Gardner includes all featured characters from the original poem in his novel, but greatly changes many roles. Beowulf himself, for example, appears only in the last portion of the novel and has little dialogue or interaction with other characters. The author also introduces a handful of incidental minor characters.
- Grendel – the main protagonist and self-described monster, given the narrator's voice in the novel.
- Grendel's mother – another antagonist from Beowulf who lives in an underwater cave with her son. Unlike her son, she is incapable of speech and holds no curiosity of the world outside her cave.
- Beowulf – a Geatish hero who ultimately kills Grendel. He is never referred to by name in the novel.
- Hrothgar – warrior and king of the Danes.
- The Shaper – a blind harpist and storyteller in Hrothgar’s court.
- The Shaper’s assistant – the young apprentice who replaces the Shaper upon his death.
- Unferth – a Scylding warrior who challenges but fails to defeat Grendel.
- Wealtheow – queen of the Danes and wife to Hrothgar.
- Hrothulf – Hrothgar’s orphaned nephew.
- Freawaru – Hrothgar’s teenage daughter.
- Hygmod – King of the Helmings and Wealtheow’s brother.
- The dragon – an ancient, omniscient beast guarding a vast hoard of treasure to whom Grendel goes for advice. It possibly is a figment of Grendel's imagination. It is also possible the dragon was meant to be the same dragon that appeared in the epic poem Beowulf.
- Red Horse – Hrothulf’s elderly advisor.
- Ork – an old and blind Scylding priest.
Portrayal of Grendel
Pulitzer Prize winning author Jane Smiley suggests that John Gardner uses Grendel as a metaphor for the necessity for a dark side to everything; where a hero is only as great as the villain he faces. Using Grendel’s perspective to tell at least part of the story of Beowulf in more contemporary language allows the story to be seen in a new light not only in terms of the point of view but also brings it into the modern era.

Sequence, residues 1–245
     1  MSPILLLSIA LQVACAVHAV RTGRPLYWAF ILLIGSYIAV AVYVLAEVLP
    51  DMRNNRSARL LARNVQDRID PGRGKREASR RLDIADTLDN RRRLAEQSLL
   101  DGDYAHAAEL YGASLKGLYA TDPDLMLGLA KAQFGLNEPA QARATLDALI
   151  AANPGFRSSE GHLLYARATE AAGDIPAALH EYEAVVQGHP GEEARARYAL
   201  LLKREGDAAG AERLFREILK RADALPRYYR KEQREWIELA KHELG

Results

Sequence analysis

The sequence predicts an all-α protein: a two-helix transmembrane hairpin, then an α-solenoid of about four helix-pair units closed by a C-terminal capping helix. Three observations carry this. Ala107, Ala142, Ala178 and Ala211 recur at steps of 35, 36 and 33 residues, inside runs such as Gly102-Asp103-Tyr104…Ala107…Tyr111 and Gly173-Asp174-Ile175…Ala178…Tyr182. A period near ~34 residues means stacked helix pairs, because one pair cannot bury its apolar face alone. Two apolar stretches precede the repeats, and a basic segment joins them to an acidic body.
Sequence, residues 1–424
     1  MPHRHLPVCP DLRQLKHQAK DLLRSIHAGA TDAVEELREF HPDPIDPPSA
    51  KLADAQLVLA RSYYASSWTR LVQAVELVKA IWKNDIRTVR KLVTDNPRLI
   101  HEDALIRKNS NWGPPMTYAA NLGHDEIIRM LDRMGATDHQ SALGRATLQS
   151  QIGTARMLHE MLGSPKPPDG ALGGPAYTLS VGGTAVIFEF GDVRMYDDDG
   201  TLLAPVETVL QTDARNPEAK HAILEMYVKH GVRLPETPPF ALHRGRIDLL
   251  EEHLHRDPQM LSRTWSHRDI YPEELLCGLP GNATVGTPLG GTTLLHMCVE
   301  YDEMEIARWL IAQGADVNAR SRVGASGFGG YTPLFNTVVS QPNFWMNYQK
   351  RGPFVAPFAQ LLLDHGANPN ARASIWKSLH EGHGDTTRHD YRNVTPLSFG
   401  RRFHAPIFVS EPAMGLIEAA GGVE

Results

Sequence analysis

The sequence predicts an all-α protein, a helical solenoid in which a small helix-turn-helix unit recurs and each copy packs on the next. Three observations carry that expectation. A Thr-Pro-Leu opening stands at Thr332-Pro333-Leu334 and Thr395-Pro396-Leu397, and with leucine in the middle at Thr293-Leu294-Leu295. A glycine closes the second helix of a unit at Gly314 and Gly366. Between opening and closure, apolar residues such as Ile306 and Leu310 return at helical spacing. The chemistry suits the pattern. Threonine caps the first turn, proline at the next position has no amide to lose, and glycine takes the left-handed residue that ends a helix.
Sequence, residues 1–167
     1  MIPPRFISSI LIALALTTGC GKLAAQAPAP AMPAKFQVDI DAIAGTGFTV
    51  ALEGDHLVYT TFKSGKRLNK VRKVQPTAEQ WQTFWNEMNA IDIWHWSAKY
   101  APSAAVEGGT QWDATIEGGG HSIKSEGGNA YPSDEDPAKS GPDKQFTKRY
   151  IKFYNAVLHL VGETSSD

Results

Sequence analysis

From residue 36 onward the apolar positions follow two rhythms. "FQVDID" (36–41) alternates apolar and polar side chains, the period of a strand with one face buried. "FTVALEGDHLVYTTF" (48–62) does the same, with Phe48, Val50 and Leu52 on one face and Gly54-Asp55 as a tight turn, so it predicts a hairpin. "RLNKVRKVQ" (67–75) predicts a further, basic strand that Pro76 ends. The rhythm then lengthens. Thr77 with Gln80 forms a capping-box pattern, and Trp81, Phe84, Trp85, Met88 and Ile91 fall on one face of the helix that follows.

Where Grendel is portrayed mainly as a physical creature in the original work, here a glimpse into his psyche is offered. Grendel lives in isolation and loneliness with his mother who in her old age is unable to provide any real companionship to her child. As the only being of his kind, he has no one to relate to and feels the need to be understood or have some connection. Grendel has a complex relationship with the humans who hate and fear him. He feels that he is somehow related to humanity and despite his desire to eat them, he can be moved by them and their works. His long life grants him the ability to act as a witness to how their lives transpire and their behavior and logic bewilders him. He is cursed to a life of solitude, also being portrayed as having eternal life, which furthers his plight and loneliness as he can only fall in battle and he is immune to all human weapons. He is only freed from his tormented life through his encounter with Beowulf.